Saturday, 13 November 2010

China leads global stocks down, european debt worries ease

China helped drag down global stock markets on Friday. From Bloomberg:

Stocks slid, extending the biggest weekly slump in three months for U.S. benchmark indexes, and commodities tumbled amid speculation China will lift interest rates...

The Standard & Poor’s 500 Index fell 1.2 percent to 1,199.21 at 4 p.m. in New York...

The Shanghai Composite Index sank 5.2 percent, its biggest decline since August 2009...

The MSCI Emerging Markets Index fell 1.7 percent, the most since August...

Commodities were not spared.

The CRB index of 19 raw materials lost 3.6 percent, the most since April 2009. Crude oil tumbled 3.3 percent to $84.88 a barrel in New York, while copper slid 3.3 percent to $3.898 a pound.

But worries over European sovereign debt eased a little.

The euro rose from a six-week low against the dollar, climbing 0.2 percent to $1.3694, amid speculation European leaders will support Ireland and the currency region’s other most-indebted nations.

The yield on the Irish 10-year bond fell 76 basis points 8.14 percent, and the extra yield investors demand to hold 10- year Irish bonds instead of benchmark German bunds narrowed 83 basis points to 563 basis points. The yield on similar-maturity Portuguese bonds decreased 29 basis points to 6.73 percent.

This comes despite a Bloomberg poll showing that a majority of global investors predict that Ireland will default on its sovereign debt.

It also comes despite slower growth reported for the euro area in the third quarter. From Bloomberg:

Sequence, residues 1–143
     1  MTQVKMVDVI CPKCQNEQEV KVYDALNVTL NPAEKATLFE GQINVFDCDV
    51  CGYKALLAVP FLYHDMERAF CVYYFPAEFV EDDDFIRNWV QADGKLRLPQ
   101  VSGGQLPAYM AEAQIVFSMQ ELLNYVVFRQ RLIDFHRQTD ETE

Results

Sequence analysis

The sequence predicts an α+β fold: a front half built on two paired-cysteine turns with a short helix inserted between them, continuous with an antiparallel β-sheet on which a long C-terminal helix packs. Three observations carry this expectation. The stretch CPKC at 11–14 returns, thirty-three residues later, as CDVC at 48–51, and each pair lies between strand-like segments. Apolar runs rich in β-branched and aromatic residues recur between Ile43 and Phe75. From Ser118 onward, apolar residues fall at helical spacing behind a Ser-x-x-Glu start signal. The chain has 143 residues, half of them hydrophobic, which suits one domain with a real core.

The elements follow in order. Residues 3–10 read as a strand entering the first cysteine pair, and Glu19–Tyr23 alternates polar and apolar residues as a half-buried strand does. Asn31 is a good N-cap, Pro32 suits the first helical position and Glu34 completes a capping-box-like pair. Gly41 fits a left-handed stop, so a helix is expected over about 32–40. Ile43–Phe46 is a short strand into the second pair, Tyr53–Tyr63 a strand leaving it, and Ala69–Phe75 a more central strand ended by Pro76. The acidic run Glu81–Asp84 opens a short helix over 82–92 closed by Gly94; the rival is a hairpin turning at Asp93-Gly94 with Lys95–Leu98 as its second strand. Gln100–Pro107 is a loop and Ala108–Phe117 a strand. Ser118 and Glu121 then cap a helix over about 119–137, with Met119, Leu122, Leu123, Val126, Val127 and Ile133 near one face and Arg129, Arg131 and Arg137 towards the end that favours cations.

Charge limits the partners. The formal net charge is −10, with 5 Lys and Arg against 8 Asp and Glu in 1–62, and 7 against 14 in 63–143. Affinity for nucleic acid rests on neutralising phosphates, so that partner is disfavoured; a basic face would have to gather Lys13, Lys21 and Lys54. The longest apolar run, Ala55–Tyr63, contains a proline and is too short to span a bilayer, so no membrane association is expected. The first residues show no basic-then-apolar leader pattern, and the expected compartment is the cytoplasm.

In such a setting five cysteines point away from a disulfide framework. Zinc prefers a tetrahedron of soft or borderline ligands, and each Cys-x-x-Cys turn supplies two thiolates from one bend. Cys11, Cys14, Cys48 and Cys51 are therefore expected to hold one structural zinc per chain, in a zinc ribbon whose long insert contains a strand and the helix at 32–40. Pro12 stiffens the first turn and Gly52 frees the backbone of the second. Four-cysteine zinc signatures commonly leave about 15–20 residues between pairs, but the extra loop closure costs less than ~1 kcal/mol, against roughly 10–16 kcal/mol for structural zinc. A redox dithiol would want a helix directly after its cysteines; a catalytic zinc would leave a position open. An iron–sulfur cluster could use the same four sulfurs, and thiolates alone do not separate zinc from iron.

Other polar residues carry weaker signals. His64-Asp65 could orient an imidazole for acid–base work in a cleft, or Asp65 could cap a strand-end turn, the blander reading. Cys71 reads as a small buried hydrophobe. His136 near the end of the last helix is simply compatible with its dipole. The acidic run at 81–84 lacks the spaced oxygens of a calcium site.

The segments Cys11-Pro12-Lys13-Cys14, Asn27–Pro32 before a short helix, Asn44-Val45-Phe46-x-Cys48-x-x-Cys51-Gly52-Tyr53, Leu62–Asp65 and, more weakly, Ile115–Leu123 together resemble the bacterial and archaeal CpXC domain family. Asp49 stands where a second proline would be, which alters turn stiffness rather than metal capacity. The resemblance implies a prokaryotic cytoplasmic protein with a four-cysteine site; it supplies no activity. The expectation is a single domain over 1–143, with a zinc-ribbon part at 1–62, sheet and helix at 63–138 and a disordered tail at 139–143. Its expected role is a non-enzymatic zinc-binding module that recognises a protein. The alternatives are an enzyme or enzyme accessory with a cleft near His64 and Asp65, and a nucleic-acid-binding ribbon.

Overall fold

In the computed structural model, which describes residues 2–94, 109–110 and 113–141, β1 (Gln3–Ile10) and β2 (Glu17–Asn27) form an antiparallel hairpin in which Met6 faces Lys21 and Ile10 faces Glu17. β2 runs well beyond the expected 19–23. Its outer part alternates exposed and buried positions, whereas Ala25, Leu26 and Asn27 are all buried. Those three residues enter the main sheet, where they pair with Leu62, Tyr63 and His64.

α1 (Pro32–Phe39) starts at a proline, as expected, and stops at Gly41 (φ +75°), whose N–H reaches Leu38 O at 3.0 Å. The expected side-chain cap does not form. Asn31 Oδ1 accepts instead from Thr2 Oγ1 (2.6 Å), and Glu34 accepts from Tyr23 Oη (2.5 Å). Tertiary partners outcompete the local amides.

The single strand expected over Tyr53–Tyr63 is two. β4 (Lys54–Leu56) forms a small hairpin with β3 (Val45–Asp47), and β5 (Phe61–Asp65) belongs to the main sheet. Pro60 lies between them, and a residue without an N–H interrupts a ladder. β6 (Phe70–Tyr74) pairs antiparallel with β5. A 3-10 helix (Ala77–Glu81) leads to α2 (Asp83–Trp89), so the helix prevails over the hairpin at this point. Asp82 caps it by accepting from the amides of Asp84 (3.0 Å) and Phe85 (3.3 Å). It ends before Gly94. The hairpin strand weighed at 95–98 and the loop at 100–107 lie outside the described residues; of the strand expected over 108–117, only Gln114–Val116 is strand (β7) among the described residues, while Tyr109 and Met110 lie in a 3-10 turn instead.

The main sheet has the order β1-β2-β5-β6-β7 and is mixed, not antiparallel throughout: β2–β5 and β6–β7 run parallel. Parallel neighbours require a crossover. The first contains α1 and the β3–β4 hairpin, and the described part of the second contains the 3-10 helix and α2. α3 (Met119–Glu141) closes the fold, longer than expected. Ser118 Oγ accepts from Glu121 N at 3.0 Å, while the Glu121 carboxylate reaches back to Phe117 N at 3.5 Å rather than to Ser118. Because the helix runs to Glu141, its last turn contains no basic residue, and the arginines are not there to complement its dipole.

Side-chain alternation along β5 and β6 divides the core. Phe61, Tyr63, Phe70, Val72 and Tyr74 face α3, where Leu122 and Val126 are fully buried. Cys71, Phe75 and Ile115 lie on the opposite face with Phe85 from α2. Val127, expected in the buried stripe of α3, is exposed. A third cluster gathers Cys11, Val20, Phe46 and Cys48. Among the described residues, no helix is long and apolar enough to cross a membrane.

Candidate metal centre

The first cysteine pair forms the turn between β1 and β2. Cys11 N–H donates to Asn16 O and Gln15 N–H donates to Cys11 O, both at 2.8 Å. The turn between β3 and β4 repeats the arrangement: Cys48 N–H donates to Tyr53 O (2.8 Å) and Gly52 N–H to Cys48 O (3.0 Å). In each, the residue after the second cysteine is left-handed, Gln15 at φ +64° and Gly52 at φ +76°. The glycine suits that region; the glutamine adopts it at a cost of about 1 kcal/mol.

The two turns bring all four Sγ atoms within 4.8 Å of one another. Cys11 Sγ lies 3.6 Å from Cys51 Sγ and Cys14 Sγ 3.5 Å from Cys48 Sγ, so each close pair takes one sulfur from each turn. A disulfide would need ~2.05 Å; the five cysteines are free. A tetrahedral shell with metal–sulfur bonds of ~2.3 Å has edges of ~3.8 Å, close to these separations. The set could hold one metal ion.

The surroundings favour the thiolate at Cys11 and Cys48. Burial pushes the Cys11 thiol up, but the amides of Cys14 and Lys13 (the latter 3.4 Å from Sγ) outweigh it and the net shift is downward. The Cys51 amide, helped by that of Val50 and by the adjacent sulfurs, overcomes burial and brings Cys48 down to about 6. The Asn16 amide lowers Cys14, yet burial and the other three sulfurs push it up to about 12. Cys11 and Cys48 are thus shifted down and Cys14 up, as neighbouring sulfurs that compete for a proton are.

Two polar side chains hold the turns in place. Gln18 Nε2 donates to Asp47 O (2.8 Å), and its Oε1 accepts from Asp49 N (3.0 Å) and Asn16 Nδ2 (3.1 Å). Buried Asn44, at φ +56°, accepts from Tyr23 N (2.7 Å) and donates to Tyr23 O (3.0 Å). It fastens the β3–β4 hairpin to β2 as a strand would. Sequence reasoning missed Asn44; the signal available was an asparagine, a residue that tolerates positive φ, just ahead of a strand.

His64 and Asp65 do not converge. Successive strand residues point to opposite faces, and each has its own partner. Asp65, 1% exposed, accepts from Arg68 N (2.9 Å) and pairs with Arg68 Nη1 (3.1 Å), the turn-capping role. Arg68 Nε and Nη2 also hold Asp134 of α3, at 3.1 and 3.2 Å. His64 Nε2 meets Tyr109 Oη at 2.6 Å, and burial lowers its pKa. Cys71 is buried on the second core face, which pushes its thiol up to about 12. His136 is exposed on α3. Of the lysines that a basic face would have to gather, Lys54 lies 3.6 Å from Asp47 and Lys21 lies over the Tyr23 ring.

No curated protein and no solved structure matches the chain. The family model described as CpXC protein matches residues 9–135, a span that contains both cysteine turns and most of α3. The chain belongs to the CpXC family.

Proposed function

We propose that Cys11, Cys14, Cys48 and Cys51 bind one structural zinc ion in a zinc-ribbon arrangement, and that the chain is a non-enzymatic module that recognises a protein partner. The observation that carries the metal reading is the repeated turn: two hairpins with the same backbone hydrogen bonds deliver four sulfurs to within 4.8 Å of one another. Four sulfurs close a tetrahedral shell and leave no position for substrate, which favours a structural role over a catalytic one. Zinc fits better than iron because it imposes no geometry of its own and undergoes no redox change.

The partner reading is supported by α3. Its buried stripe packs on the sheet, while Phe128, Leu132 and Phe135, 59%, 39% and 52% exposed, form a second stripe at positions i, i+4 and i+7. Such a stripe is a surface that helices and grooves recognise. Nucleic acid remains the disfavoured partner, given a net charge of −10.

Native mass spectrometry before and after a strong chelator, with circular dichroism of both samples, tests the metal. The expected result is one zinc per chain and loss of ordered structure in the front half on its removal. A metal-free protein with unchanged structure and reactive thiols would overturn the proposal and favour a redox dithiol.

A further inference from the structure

Europe’s economic growth weakened in the third quarter from the fastest pace in four years as governments’ austerity measures to cut record budget deficits dented the recovery.

Gross domestic product in the 16-nation euro area rose 0.4 percent from the second quarter, when it increased 1 percent, the European Union’s statistics office in Luxembourg said today. Economists expected a gain of 0.5 percent, the median of 35 estimates in a Bloomberg News survey showed. Industrial output fell 0.9 percent in September from the previous month, the largest drop in 18 months, separate data showed.

In the US, the recent generally positive dataflow continued on Friday, with consumer confidence reportedly rising in November. Bloomberg reports:

Consumers in the U.S. gained confidence in November for the first time in three months, raising the odds that an improving job market and increasing wages and stock prices will lift spending.

The Thomson Reuters/University of Michigan preliminary sentiment index rose to 69.3, in line with the median forecast of economists surveyed by Bloomberg News and the highest level since June, from 67.7 in October. The measure averaged 88.9 in the five years to December 2007, when the last recession began.

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